Samuel Lehrer has worked with specialized medical equipment for his entire career, specifically with hyperbaric oxygen therapy (HBOT) units in the past five years. Here, he helps readers understand how the therapy was recently employed to heal and improve brain function after a toddler was resuscitated following drowning.
For decades, hyperbaric oxygen therapy has been used to treat a number of conditions such as gas poisoning and symptoms of “the bends.” Samuel Lehrer tells us that the high levels of oxygen and pressure used in the therapy can have a unique healing effect on tissues and cells, such as in the case of a little girl who drowned in her pool at home.
“Arkansas parents discovered their young daughter face down in their home pool and were finally able to resuscitate her at the hospital more than an hour later,” says Samuel Lehrer. “She suffered severe brain injuries after drowning and there was little hope for total recovery until a doctor suggested HBOT treatments.”
When doctors initially scanned the toddler’s brain, they found significant injuries, including evidence that her brain had begun to shrink and lose both its gray and white matter. These elements are responsible for muscle control, sensory perception, speech and make up the bulk network of central nervous system wiring in the brain. Following resuscitation, the child lost the ability to speak, walk and respond normally to commands in addition to her muscle control.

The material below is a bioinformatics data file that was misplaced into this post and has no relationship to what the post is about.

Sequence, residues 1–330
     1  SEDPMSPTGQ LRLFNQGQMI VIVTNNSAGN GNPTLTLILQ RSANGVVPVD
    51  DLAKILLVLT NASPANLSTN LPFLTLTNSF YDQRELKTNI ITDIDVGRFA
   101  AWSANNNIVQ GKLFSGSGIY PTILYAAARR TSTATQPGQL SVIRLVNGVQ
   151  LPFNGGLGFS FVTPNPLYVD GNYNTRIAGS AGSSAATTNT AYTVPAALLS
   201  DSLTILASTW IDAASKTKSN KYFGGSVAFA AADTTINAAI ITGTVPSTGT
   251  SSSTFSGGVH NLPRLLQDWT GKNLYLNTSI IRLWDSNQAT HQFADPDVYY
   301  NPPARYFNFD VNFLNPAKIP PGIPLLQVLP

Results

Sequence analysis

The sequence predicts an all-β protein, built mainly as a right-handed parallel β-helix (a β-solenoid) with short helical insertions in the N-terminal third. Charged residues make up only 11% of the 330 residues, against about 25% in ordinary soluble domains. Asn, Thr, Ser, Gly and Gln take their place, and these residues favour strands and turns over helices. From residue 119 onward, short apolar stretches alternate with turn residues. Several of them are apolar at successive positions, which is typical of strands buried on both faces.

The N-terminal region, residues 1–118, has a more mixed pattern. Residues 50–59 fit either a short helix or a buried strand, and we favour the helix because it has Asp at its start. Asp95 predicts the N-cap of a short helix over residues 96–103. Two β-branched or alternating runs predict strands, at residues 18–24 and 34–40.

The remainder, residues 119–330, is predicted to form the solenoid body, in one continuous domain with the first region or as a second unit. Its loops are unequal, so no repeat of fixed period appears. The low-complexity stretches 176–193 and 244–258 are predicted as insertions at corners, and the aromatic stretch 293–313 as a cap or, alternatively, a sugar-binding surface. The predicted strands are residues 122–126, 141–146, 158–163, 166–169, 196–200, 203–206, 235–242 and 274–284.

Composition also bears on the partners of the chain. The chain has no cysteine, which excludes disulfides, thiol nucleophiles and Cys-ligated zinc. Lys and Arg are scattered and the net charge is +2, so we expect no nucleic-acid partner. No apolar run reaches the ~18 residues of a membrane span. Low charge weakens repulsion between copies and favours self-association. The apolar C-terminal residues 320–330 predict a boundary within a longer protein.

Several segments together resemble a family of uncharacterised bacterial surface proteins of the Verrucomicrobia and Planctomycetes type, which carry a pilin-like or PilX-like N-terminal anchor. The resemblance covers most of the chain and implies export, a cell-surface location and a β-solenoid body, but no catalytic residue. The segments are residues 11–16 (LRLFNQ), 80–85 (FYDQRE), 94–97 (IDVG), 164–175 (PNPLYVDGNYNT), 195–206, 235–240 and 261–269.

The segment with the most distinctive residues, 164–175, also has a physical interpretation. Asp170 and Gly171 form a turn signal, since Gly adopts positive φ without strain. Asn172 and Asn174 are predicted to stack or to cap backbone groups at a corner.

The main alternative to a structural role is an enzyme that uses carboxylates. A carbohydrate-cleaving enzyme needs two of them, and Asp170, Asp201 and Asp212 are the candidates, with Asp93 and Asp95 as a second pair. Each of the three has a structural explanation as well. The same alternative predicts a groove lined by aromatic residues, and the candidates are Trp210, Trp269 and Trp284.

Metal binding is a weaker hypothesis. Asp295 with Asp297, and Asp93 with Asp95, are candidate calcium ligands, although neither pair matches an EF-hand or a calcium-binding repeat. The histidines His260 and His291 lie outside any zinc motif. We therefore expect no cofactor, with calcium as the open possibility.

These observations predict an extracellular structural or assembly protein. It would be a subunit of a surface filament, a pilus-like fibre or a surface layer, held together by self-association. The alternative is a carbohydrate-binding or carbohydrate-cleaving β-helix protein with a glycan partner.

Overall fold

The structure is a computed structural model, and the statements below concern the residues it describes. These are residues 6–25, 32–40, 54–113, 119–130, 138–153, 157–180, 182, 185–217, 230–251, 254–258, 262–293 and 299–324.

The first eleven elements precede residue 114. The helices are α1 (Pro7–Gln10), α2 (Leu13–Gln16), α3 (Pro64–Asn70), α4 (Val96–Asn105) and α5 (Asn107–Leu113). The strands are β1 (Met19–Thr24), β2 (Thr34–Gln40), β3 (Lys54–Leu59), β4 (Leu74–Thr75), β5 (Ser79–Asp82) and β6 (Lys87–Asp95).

“Things were looking pretty sour for the child’s circumstance before Dr. Harch was consulted, who began a bridging treatment to prevent permanent tissue degeneration while he made plans to transfer his patient to a distant hyperbaric oxygen therapy unit,” says Samuel Lehrer.
After these treatments were completed, something around 80 days following her drowning, the child and her family traveled to New Orleans where Dr. Harch began using HBOT. Here, she underwent a total of 40 sessions in 45-minute increments five days a week. It began to have a major effect right away and the patient began demonstrating visually apparent and/or physical examination-documented neurological improvement.
Once a total of 10 HBOT sessions had been administered, the patient’s mother noticed that she had almost returned to normal function besides lagging in gross motor function. After another 29 HBOT sessions, the patient “exhibited assisted gait, speech level greater than pre-drowning, near normal motor function, normal cognition, improvement on nearly all neurological exam abnormalities, discontinuance of all medications, as well as residual emotional, gait and temperament deficits.” Brain scans following the treatments showed a near-complete reversal of cortical and white matter atrophy.
“While this amount of recovery isn’t the norm necessarily, it does demonstrate the powerful potential that HBOT can have on damaged brains, especially those of younger patients who have hormone-rich brains that are much more capable of rebuilding,” says Samuel Lehrer.